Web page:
I did get up to Pleasantville, for the fifth year in a row. The Magic Wok has an almond-encrusted chicken dish I've never seen elsewhere, and I had that again, along with a lot of other food at a large table of puzzlers. I helped Bonnie carry prize books to the church, where there were again homemade baked goods I didn't eat. The crowd was bigger than ever, but judging was a breeze since you can stop once you get the first correct entry. Spelvin's trip down from Providence turned out to be worth it, as he won the event. Pleasantville resident David Phethean was the only non-NPL finalist (Al DeSuda made an unfortunate error on that puzzle). I didn't recognize Mike Nothnagel at first, since I didn't know he moved back to this area. A large group went to Will's afterward, and a few of us took the train back. Pleasant, non-pressured event (easy for me to say since I'm a judge).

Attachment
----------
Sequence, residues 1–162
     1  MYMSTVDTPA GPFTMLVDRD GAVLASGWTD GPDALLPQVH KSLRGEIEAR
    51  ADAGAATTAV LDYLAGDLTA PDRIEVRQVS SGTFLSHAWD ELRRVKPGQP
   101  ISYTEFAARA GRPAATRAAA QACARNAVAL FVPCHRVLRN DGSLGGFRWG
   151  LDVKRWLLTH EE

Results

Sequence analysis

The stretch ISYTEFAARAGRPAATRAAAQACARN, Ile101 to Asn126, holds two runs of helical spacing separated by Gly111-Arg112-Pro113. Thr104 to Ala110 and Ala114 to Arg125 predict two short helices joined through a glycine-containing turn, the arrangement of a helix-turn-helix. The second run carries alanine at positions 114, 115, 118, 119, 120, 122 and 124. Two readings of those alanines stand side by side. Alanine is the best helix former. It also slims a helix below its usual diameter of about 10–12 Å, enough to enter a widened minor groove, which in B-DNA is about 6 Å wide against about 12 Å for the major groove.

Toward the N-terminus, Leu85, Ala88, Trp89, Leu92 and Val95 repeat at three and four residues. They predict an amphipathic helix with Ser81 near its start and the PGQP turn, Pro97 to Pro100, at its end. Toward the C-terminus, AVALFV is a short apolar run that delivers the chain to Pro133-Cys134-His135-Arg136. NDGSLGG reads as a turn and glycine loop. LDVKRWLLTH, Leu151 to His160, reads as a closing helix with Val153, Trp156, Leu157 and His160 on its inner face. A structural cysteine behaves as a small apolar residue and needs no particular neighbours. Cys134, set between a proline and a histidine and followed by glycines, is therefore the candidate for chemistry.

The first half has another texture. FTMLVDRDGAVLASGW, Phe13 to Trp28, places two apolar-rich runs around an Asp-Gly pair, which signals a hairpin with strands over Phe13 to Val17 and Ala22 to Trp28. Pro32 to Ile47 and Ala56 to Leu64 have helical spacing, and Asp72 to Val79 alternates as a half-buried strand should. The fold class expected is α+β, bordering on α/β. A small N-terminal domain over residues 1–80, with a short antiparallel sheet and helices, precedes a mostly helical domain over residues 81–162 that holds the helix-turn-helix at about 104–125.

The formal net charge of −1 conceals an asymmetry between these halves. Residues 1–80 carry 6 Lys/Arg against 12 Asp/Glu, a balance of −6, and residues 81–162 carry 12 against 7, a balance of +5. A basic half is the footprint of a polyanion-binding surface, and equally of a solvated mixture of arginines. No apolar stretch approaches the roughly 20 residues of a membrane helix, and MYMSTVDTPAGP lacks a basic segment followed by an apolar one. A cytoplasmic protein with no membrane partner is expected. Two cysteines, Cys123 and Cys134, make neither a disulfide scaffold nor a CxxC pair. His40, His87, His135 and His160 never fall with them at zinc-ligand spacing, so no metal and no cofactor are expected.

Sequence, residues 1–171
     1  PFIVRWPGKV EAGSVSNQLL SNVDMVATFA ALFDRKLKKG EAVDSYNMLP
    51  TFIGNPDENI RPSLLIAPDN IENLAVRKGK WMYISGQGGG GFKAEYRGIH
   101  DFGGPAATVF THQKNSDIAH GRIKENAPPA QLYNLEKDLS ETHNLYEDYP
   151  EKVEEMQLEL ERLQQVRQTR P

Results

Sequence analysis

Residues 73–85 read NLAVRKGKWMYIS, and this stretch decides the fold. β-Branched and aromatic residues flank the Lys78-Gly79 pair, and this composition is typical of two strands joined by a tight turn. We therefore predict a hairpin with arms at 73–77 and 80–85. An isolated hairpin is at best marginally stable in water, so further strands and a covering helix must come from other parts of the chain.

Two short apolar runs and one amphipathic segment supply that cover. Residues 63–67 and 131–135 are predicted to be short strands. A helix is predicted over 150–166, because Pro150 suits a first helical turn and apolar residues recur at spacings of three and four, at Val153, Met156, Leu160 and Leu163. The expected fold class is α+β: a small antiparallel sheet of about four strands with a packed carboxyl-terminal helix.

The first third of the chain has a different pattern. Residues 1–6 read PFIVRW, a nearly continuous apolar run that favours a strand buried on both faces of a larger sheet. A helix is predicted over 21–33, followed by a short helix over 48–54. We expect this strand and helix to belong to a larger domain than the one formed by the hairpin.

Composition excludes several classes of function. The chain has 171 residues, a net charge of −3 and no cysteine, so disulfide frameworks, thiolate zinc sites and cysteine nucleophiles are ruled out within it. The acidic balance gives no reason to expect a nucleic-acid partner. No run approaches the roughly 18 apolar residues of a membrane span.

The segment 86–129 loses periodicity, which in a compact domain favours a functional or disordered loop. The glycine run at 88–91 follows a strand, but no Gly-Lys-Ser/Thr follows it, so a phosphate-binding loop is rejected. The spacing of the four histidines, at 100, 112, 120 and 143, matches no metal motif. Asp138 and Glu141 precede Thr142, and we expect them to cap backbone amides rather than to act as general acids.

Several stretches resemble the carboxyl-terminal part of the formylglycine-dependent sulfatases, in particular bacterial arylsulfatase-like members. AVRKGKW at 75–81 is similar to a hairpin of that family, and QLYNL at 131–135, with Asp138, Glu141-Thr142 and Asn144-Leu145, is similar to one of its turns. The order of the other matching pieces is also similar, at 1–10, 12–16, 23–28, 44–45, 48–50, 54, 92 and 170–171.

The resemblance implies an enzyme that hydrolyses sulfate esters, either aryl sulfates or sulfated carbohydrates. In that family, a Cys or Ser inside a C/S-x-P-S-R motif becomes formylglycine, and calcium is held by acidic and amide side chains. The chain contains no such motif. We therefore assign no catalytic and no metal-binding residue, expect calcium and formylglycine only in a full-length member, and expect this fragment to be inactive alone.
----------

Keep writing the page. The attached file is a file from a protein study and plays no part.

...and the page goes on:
Saturday morning brought rain accompanied by 50 mph winds. Not the best flying weather. I checked online and my 2 pm flight was supposedly going to be on time. Since I just had a duffel bag, I walked to Broadway and 106th and took the M60 bus. Very convenient.
Before packing, I had checked the Homeland Security site, which said:
You are now allowed to carry travel-size toiletries (3 ounce or less) in ONE, QUART-SIZE, clear plastic, sealable bag through security checkpoints...We are continuing to permit prescription liquid medications and other liquids needed by persons with disabilities and medical conditions. This includes...saline solution for medical purposes...If the liquid medications are in volumes larger than 3 ozs each, they may not be placed in the quart-size bag and must be declared to a Transportation Security Officer.